You are not unique.

Sorry to disappoint or offend you with such a blunt statement. (Perhaps it helps to know I’m not unique either.)

Oh, we might have unique fingerprints or voice patterns. My DNA may be particular to me, marking me uniquely. There may even be flashes of uniqueness in our personalities and gifts.

But in the most fundamental (and important) ways, all men and women are alike. In fact, it is essential that we be so. It is the assumption of commonality that makes religion, science, art, business, politics, philosophy, and literature possible. We cannot think about humanity apart from the premise that—in every significant way—human beings are best described not by our idiosyncrasies but by our commonalities.

This is certainly true in matters of faith. It is the assumption of spiritual common ground for humanity that gives meaning to key statements about our relationship with God:

For God loved the world so much that he gave his one and only Son, so that everyone who believes in him will not perish but have eternal life. (Jn 3:16)

All have sinned and fall short of the glory of God. (Ro 3:23)

No one will ever be made right with God by obeying the law. (Gal 2:16)

These statements are true of all people, at all times. You and I are not exceptions to these rules. Indeed, there are no exceptions. No one is “unique” in matters of the soul. All have fallen; all have lost the way; all are in need of redemption. These are the commonalities that give theological statements meaning. Without them, there could be no “Truth” written with a capital “T.”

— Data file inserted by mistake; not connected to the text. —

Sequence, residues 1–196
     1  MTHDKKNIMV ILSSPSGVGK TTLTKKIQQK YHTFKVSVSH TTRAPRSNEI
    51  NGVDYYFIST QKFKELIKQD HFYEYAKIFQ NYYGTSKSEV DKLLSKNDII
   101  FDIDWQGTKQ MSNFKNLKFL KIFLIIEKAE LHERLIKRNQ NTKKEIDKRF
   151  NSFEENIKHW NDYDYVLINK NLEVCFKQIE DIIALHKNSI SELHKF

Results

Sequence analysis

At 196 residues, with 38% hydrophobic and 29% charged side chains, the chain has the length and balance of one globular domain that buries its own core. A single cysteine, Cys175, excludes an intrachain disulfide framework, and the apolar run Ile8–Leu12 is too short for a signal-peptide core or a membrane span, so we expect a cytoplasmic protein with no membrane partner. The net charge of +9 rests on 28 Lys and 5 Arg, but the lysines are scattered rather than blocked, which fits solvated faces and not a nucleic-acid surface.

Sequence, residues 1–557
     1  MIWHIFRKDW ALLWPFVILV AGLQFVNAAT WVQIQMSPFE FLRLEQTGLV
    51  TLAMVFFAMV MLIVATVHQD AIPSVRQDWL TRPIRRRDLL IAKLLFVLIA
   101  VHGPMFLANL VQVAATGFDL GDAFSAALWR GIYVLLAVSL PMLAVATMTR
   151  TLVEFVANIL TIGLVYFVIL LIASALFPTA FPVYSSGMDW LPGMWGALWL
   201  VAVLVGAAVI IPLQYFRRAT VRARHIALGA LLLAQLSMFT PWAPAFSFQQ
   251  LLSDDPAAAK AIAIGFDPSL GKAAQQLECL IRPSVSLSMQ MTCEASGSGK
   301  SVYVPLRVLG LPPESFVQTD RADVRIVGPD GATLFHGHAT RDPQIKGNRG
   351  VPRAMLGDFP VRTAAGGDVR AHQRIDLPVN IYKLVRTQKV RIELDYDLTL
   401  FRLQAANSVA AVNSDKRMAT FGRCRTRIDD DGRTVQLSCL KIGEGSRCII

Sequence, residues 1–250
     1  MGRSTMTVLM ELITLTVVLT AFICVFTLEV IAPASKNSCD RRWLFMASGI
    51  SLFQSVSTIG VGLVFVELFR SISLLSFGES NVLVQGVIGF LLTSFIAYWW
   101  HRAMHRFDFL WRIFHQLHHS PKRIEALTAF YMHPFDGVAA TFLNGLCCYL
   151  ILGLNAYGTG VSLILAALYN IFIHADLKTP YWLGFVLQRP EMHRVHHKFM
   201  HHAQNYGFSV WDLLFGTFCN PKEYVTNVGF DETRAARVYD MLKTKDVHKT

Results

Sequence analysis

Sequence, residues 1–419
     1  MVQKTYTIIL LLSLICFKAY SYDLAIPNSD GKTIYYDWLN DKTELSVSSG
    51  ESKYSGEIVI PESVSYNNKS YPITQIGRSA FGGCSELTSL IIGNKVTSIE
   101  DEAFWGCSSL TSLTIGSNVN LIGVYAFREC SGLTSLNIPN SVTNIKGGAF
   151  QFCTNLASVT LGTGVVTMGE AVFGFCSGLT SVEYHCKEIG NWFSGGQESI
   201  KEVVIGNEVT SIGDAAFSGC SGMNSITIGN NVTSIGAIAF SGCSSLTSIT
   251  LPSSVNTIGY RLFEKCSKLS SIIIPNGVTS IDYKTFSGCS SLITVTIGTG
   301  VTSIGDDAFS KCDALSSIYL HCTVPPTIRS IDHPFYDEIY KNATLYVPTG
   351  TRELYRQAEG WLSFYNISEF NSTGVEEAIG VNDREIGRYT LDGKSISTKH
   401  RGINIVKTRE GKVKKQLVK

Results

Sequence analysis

When you think about it, it’s what we have in common that underlies our relationship with Scripture. Words written long ago about other people, to other people, matter to us because we have so much in common with them. Our similarities with the people of the Bible far outweigh our differences. We moderns may have cell phones and air conditioners, but such distinctions are trivialized by all humanity’s shared Creator and fallen nature and need for a Savior.  It is this spiritual common ground that encourages us to believe soul-remedies offered to the ancients can heal us; that divine promises made to them can apply to us. In all the important ways, every man and woman is “a peece of the Continent, a part of the maine(John Donne’s words) and has much in common with the rest of mankind, regardless of times and circumstances.

Because we are not unique, because we have so much in common, it is possible (in fact, it is necessary) to talk about “patterns.” There are “patterns” embedded in the human condition. There are “patterns” that mark the manner in which God interacts with us. There are “patterns” that define the rhythms, the ebb and flow, of our existence. The idea of “pattern” becomes powerful because human beings have so much in common, because God is “the same yesterday, today, and forever,” and because there really is “nothing new under the sun.”

[This article was first published as a part of a Wineskins special publication edited by Edward Fudge on “Patternism”–]